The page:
Twitter launches mobile app promotion service

Twitter's mobile app promotion goes global

After strong beta test results, Twitter has released its mobile app promotion service to advertisers around the globe.

Mobile app promotion is a Twitter service with which advertisers can potentially increase the number of people who see and hence download an app.

On its blog Twitter cites a number of companies backing the service, some of which are in the mobile gaming sector. The Senior Manager of Social Acquisition at EA games, Uyen Uyen Ton Nu said:

"EA has been thrilled to have participated in the beta. We were able to drive a significant number of installs for our suite of casual and core games".

Twitter's engagement struggle

This announcement comes just after the departure of Ali Rowghani, the site's Chief Operational Executive, who resigned from his position over two weeks ago. Reports say he sold his 300,000 shares in the company in May for $9.9m.

Rowghani's resignation has been tied to the problems Twitter has both with retaining its users and continuing to grow.

Last month theEword reported that Twiter missed its target of 400 million users by the end of 2013, reaching around 250 million, and sending the share prices tumbling from $73 to $36.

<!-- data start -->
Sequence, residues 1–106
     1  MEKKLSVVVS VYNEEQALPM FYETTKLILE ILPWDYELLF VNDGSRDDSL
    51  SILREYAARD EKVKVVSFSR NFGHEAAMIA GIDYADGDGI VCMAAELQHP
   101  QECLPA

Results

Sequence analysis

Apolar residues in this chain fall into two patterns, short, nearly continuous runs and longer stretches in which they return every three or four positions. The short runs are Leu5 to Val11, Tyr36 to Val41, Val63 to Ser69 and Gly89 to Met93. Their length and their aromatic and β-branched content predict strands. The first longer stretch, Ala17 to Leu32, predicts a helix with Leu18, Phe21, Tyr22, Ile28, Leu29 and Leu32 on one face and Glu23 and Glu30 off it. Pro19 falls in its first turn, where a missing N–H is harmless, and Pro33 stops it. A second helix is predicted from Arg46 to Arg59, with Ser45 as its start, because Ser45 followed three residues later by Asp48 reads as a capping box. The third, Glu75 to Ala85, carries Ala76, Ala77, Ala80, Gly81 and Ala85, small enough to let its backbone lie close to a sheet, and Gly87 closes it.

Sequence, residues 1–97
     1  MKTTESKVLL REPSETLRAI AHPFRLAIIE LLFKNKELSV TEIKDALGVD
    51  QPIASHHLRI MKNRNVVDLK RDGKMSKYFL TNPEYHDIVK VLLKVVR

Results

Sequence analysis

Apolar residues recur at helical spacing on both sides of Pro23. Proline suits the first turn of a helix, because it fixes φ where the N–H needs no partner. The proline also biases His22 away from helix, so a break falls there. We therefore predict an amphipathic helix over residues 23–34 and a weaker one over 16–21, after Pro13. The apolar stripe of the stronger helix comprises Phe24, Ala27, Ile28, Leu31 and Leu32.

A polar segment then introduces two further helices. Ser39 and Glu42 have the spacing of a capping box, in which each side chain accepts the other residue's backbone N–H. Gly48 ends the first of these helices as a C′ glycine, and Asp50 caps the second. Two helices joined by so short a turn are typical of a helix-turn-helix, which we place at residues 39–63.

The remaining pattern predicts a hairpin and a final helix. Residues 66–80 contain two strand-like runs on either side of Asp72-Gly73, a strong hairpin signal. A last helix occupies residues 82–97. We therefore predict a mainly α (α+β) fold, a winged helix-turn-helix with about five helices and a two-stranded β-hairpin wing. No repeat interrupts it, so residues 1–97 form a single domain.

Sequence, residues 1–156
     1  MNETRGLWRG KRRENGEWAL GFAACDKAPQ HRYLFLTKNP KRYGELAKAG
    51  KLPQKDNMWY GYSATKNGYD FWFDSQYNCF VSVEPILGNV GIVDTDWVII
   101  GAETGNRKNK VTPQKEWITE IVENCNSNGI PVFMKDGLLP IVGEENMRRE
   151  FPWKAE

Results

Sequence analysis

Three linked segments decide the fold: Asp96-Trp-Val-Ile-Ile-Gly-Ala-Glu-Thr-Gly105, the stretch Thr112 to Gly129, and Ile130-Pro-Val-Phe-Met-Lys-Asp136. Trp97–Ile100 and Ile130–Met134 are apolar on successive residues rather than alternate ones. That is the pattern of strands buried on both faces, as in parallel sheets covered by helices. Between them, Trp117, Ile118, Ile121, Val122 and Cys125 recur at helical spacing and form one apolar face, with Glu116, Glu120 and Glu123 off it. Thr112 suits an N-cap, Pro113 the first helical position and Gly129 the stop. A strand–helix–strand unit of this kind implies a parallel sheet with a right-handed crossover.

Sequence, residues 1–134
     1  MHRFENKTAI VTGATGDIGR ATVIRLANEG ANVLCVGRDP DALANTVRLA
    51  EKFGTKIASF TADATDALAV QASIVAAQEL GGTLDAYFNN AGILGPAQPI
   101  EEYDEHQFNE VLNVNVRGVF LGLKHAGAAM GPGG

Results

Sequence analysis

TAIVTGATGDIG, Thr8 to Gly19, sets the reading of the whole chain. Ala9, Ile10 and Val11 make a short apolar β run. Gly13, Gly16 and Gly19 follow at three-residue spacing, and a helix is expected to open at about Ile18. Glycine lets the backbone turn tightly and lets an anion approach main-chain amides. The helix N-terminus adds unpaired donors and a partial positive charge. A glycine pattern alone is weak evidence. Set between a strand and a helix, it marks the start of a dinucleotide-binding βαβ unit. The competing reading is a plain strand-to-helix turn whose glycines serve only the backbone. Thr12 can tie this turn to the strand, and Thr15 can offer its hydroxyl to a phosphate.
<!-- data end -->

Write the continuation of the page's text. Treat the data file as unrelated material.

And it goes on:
Share prices have since recovered some ground, and today are close to $41.

Twitter self-confident

Since Rowghani's departure, Twitter has continued with its growth and engagement strategy, which it believes it is succeeding with, saying:

"People turn to Twitter to connect with their interests, and discover new ones. During the mobile app promotion beta, our clients have been able to reach Twitter's highly engaged audience".

Kleon West, business development director at theEword, said: "If what people are saying is true, Twitter suffers from an engagement problem, so their working together with advertisers and business could be the way forward.

"If advertisers can reach the right people, then this could also make Twitter a more engaging platform for its users. But they'll need to back up that reach with quality content."